Minimally Invasive Spray Could Help to Repair Damage after Heart Attacks

Minimally Invasive Spray Could Help to Repair Damage after Heart Attacks


Heart attacks, or myocardial infarctions, can be fatal. Modern surgical techniques, diagnostics, and medications have greatly improved early survival from these events, but the five-year mortality rate remains high due to the long-term effects of permanently damaged heart tissue.

Researchers have explored stem-cell therapy as a way to regrow tissue after a heart attack. But introducing stem cells directly to the heart could trigger an immune response or result in tumor growth. Therefore, researchers have tried injecting exosomes, i.e., vesicles containing proteins, lipids, and genetic material secreted by stem cells, into the heart. However, the exosomes often break down before they can have therapeutic effects. There are also cardiac patches or scaffolds that help implanted exosomes last longer, but they usually must be placed during open-heart surgery.

Yafeng Zhou, Medical Center of Soochow University, Suzhou, China, and colleagues have developed a minimally invasive exosome spray that could help to repair hearts after myocardial infarction. The team used an exosome solution that could be sprayed onto the heart via a tiny incision, avoiding major surgery. The researchers mixed exosomes from mesenchymal stem cells with fibrinogen, a protein involved in blood clotting. They added the resulting solution to a small, double-barreled syringe that also contained a separate solution of thrombin, another clotting protein. When the team sprayed the solutions out of the syringe onto a rat’s heart through a small chest incision, the liquids mixed and formed an exosome-containing gel that stuck to the heart. An endoscope inserted through a second small incision was used to guide the spray needle.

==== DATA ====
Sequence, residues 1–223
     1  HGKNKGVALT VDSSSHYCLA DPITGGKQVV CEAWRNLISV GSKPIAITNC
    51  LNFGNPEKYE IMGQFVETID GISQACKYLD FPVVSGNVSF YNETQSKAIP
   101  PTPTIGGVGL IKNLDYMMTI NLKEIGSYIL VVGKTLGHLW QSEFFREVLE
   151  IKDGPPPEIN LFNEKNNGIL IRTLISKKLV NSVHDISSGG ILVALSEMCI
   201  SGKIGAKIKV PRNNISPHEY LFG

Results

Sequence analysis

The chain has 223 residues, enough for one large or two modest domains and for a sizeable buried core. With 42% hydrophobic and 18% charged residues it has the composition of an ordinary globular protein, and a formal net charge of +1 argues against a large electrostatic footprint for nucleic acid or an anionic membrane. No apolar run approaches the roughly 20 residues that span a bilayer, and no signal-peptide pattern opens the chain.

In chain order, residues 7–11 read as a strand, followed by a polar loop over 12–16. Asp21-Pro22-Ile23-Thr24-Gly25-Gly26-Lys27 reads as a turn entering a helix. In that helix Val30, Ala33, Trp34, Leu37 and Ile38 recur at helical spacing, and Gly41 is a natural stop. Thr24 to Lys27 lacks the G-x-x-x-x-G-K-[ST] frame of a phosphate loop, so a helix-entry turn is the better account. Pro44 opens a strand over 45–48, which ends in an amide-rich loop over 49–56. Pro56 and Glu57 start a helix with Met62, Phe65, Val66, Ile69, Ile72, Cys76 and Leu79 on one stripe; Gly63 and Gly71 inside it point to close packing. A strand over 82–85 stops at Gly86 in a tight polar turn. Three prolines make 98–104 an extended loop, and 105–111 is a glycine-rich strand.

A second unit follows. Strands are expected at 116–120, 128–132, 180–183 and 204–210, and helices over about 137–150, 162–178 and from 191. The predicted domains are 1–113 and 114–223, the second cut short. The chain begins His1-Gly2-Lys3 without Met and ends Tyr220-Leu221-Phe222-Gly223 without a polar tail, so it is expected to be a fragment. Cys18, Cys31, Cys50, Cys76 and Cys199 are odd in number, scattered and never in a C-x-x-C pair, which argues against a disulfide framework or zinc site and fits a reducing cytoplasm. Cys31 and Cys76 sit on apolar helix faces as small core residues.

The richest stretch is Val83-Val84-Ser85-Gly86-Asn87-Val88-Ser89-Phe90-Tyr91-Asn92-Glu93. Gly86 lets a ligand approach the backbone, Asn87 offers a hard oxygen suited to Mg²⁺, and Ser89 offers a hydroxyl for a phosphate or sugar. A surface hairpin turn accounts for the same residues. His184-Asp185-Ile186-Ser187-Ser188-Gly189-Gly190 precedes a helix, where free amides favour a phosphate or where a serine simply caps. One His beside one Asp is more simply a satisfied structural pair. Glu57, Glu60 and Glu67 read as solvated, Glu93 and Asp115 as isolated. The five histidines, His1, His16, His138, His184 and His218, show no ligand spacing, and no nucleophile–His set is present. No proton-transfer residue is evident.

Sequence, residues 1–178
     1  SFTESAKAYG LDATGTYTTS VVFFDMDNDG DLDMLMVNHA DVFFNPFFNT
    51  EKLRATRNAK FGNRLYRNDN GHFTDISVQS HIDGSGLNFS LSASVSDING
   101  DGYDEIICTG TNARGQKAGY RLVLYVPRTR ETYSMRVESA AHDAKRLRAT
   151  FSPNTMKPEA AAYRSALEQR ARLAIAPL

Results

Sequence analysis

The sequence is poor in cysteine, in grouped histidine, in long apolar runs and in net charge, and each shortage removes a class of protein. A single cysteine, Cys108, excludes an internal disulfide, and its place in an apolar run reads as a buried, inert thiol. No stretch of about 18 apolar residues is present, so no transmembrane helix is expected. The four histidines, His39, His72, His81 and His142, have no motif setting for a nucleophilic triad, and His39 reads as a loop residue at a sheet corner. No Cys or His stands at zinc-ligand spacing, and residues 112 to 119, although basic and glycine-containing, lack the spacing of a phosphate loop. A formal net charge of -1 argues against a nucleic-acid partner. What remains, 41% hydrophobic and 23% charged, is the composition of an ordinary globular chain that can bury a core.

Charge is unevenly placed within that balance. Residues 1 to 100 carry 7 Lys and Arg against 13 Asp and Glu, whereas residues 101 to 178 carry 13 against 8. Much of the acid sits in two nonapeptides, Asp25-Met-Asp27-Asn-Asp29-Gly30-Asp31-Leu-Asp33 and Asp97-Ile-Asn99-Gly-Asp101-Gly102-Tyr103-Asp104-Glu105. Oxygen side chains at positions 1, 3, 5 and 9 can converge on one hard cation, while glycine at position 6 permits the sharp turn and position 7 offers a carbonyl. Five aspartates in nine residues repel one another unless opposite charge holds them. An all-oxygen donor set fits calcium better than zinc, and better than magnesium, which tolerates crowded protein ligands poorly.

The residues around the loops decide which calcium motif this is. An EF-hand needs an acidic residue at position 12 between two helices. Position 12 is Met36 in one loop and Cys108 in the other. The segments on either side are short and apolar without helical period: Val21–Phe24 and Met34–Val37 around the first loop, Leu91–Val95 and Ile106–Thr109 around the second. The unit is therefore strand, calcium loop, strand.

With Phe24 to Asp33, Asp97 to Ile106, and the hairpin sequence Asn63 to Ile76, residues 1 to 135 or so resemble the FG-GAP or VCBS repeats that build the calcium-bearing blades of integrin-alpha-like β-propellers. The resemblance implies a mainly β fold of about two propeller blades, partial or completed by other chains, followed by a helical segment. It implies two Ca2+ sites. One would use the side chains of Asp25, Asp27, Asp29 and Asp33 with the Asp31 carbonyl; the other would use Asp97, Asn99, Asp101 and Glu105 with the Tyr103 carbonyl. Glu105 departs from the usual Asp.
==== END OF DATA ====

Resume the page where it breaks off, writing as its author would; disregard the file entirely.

In rats that had recently had a heart attack, the exosome spray lasted longer, healed injuries better, and boosted the expression of beneficial proteins more than heart-injected exosomes alone. In pigs, the spray caused less severe immune reactions and surgical stress than open-heart surgery. According to the researchers, the spray could provide a promising strategy to deliver therapeutic exosomes for heart repair.



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